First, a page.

How Kidnapped Nigerian Girls Became Right-Wing Media's Latest Hillary Clinton Scandal

Blog ››› ››› OLIVIA KITTEL

Daily Beast

As The Washington Post's Dana Milbank pointed out on May 13, right-wing media have been quick to falsely tie Hillary Clinton to the kidnapping of over 234 young school girls by an extremist group known as Boko Haram, which The New York Times described as a "cultlike Nigerian group" known for "senseless cruelty and capricious violence against civilians." 

Milbank noted that the "nascent effort to pin blame for Boko Haram on Clinton ... shows how a scandal is born" -- highlighting the fact that while the abduction of hundreds of Nigerian school girls "has little to do with the United States," right-wing media have seized the opportunity to search "for ways to blame the kidnappings on the favorite for the 2016 Democratic presidential nomination." And "inevitably the accusations landed on the House floor," parroted by Republican congressmen.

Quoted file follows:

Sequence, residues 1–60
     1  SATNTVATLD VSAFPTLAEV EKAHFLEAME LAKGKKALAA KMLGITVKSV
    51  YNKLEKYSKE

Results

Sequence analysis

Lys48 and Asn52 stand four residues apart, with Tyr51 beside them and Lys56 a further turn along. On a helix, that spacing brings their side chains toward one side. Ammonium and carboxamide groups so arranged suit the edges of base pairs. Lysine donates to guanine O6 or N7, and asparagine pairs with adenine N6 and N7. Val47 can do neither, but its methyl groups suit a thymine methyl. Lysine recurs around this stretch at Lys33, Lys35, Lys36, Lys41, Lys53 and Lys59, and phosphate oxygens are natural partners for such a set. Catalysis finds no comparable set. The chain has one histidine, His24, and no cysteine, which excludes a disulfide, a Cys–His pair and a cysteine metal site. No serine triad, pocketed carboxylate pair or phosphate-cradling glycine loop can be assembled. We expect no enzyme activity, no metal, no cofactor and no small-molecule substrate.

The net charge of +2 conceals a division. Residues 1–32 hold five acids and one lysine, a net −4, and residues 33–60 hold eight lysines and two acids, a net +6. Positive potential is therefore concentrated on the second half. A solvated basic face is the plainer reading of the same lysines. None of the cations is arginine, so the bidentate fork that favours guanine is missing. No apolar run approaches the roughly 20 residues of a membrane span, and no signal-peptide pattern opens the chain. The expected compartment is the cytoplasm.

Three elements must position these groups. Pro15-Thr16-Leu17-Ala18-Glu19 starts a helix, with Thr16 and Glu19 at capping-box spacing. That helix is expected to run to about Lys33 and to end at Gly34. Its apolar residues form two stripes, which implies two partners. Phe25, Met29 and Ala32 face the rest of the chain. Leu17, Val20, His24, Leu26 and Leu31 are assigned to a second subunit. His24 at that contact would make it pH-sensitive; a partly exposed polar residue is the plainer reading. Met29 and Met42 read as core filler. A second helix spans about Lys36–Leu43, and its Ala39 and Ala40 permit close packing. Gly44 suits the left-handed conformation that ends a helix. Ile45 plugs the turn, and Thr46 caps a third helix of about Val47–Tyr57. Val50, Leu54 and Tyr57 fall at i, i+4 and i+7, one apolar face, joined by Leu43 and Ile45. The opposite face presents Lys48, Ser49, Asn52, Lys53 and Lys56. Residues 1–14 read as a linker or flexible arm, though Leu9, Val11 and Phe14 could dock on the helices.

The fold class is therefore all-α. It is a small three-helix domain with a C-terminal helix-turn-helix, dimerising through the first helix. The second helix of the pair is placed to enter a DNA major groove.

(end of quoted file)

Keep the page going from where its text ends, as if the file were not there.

The smear kicked off with a Daily Beast article that relied on an anonymous official criticizing the former Secretary of State for previously turning down requests to designate Boko Haram a terrorist organization, implying that such a designation could have prevented the kidnapping.

Jumping to Fox News, host Steve Doocy argued that if Clinton had designated Boko Haram a foreign terrorist organization, it could have "saved these girls earlier," while anchor Megyn Kelly pushed the notion that Clinton had tried to appease Boko Haram.

The conservative online bubble hyped the connection, until Rush Limbaugh ultimately concluded that both Clinton and President Obama were to blame for the kidnappings.

Conservative congressmen picked up the baton, reportedly arguing on the House floor that Clinton "protected" Boko Haram.

But as Media Matters has explained, Secretary of State Hillary Clinton was the first to blacklist top Boko Haram leaders, as the State Department identified three Boko Haram leaders as "foreign terrorists" in June 2012. 

According to Reuters, the group's leaders were identified as terrorists rather than the group itself so as not to "elevate the group's profile," and academic experts on Africa agreed that such a group designation could embolden the terrorist group.

To use Milbanks' words, it's the "textbook example of the anatomy of a smear."

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